How can Europe support its cultural recovery from COVID-19?

cultural sectors
© Viorel Dudau

Open Access Government discovers how Mariya Gabriel, Commissioner for Innovation, Research, Culture, Education and Youth, is prioritising the recovery of Europe’s cultural sectors as well as Research and Innovation

To continue achieving excellence in Research and Innovation, much recovery work needs to be done by the European Commission following the COVID-19 crisis. As we know, it has seriously affected R&I and the pace of Europe’s digital transition, however, the pandemic has also taken its toll on cultural sectors, and Europe must simultaneously support their recovery. Mariya Gabriel, Commissioner for Innovation, Research, Culture, Education and Youth, has brought this to light, focusing on the recovery of cultural sectors such as the creative, music, and sports industries, areas which have been exposed as not only leisure activities but instruments of physical and mental health prevention, being more important than ever.

At the end of 2020, Commissioner Gabriel participated in the fourth annual international forum “Creative Ukraine”, to address a key issue relevant not just in Ukraine but throughout Europe: the crisis in culture caused by the COVID-19 pandemic. “This crisis is affecting all our creators everywhere in the world. We, therefore, have to cooperate and share ideas to find solutions for our creators,” she stated in a speech at the forum, before highlighting the various actions being taken by the European Commission to support the creative sector. (1)

Financial support

The Next Generation EU recovery instrument was proposed and mobilised other programmes relevant for cultural and creative industries (such as Creative Europe, Erasmus, Horizon Europe, REACT-EU, and future cohesion policy, Invest-EU or Digital Europe.) Under Erasmus+, for the first time, the Commission launched an enormous €100 million call for ‘partnerships for creativity’ to connect education, training, youth and the cultural and creative sectors. In the same vein, Horizon Europe will for the first time have a dedicated cluster on culture, creativity, and inclusive society.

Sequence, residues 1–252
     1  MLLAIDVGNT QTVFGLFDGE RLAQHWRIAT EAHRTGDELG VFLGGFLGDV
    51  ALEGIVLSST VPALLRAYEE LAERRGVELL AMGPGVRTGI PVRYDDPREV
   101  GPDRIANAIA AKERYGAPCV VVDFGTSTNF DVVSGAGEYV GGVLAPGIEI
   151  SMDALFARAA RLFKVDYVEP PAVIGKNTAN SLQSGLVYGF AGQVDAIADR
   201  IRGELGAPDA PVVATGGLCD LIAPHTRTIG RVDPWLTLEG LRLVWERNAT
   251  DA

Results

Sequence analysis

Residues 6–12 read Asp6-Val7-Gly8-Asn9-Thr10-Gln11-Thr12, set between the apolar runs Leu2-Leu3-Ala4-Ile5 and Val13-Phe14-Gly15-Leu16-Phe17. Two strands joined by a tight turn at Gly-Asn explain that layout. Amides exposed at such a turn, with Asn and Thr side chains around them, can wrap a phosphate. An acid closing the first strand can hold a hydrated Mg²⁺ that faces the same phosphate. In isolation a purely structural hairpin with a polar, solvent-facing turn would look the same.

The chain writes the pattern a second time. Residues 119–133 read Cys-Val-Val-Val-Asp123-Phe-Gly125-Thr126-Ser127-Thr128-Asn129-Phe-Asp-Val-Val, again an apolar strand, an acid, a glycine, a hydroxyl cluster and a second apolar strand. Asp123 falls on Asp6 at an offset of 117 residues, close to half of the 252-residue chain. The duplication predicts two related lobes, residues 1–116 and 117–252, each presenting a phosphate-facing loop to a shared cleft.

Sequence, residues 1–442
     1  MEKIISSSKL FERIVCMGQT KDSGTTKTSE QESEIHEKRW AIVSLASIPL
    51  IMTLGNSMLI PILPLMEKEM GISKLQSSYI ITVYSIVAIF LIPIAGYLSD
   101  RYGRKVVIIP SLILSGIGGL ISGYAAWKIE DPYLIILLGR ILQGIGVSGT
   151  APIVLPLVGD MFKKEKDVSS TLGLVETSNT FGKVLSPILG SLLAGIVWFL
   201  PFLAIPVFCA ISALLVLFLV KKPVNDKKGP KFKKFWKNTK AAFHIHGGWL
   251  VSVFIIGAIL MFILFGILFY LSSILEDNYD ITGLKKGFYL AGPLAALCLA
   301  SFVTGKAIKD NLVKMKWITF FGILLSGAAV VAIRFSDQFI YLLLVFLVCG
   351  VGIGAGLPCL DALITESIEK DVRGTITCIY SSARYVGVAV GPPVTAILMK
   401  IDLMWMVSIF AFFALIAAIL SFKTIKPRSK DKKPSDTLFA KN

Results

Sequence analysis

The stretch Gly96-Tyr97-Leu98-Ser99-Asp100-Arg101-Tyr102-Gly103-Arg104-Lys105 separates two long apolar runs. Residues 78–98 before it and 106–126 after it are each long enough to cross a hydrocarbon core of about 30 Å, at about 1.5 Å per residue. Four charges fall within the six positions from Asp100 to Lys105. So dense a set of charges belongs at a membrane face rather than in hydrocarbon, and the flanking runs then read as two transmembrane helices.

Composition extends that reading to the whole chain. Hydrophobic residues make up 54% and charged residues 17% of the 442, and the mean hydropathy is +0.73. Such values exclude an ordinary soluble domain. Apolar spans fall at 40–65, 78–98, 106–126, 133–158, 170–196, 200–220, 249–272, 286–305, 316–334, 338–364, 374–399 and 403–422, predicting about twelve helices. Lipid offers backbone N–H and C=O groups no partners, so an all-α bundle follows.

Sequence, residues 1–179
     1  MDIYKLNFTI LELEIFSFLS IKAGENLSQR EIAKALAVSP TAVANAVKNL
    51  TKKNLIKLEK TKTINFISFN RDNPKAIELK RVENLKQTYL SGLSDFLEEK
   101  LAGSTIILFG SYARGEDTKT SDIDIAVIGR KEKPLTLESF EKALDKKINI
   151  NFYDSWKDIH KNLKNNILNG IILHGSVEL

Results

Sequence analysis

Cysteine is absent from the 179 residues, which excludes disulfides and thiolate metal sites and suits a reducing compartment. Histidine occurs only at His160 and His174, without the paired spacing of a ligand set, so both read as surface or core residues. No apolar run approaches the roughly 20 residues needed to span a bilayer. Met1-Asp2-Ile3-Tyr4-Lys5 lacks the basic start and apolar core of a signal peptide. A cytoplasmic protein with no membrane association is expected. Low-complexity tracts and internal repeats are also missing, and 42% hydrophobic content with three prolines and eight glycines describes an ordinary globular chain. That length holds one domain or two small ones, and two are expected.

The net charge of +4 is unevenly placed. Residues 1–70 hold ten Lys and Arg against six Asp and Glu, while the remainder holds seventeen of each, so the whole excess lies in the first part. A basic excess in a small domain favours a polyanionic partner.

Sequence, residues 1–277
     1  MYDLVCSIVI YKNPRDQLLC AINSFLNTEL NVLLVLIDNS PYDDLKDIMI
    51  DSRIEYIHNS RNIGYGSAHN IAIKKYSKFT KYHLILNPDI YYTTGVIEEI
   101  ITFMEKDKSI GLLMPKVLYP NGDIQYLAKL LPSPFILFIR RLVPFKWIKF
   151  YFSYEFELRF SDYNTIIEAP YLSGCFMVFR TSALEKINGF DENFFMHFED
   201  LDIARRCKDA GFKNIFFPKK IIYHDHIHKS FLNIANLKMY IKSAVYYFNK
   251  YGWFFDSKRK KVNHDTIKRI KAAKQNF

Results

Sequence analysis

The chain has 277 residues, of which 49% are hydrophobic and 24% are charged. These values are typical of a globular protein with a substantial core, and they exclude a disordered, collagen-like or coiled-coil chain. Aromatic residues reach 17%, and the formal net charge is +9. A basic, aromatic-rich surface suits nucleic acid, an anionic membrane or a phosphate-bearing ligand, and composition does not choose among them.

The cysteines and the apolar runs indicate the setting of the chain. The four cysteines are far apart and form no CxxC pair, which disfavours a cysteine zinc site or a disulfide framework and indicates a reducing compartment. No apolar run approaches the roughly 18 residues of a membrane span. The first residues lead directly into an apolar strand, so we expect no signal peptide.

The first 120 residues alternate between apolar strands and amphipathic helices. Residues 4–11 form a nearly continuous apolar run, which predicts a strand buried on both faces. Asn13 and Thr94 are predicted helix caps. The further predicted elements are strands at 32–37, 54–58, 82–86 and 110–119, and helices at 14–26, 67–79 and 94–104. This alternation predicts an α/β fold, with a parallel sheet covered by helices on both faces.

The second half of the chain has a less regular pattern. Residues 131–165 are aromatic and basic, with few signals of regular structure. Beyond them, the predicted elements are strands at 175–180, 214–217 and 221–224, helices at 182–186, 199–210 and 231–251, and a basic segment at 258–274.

Tools for cooperation

The Commission also recently launched several online cooperation platforms such as:

  • The Cultural Relations Platform.
  • The Global Cultural Leadership Programme.
  • The European Networks and Platforms collaboration project.
  • The EU Cross Border Cooperation programmes (CBC).
  • The new mobility scheme i-Portunus.

Supporting sport in Europe

There has been significant support led by Commissioner Gabriel for the sports sector. At the High-level conference “the recovery of the sport sector after the COVID-19 crisis: the way ahead,” she stated, “I fully measure the terrible impact that COVID-19 has on our sector. At the same time, today I heard how much solidarity, energy and creativity there is in sport.”(2) The sports sector has suffered major lost revenue and cash flow difficulties, leading consequences on jobs, with employees, athletes, coaches, and other workers risk being laid-off, with subsequent loss of skills. To try and combat this, funding and initiatives have been set up, such as the EU Work Plan for Sport 2021-2024.

Commissioner Gabriel has also stressed the impact of COVID-19 on museums sector and the music industry, asking, “why do we need to rebuild the music ecosystem in Europe?”, and stating that through these unprecedented difficulties, “museums need and deserve our support.” (3,4) The many industries affected by the pandemic are all in the recovery process, and it is clear to see that they are not getting left behind. That being said, while there is indeed a focus on culture, digital recovery is not slowing down either.

A green and digital Europe

The Commission adopted two major initiatives at the end of 2020 with the aim to strengthen the contribution of education and training to the EU’s recovery, and help build a green and digital Europe into 2021 and beyond. The two initiatives are highlighted below and place importance on the role of Europe’s youth as indispensable to R&I:

  • The European Education Area to be achieved by 2025, in which the Commission proposes new initiatives, more investment and stronger cooperation of Member States to help all Europeans benefit from the EU’s rich education and training. (5)
  • A new Digital Education Action Plan (2021-2027) reflecting lessons learned from the COVID-19 crisis, and devising a plan for a high-performing digital education ecosystem with enhanced digital competences for the digital transformation. (6)

Commissioner Mariya Gabriel stated that these two initiatives “are both essential for European recovery and future growth. They set out a common vision of the future of education linked to our commitments towards the digital and green transitions. We now need to focus on implementation and on creating synergies between them.” (7)

On top of this, the EU also launched a €1 billion call for R&I projects that respond to the climate crisis and help protect Europe’s unique ecosystems and biodiversity. Commissioner Gabriel said: The €1 billion European Green Deal call is the last and biggest call under Horizon 2020. With innovation at its heart, this investment will accelerate a just and sustainable transition to a climate-neutral Europe by 2050. 



Open Access Government


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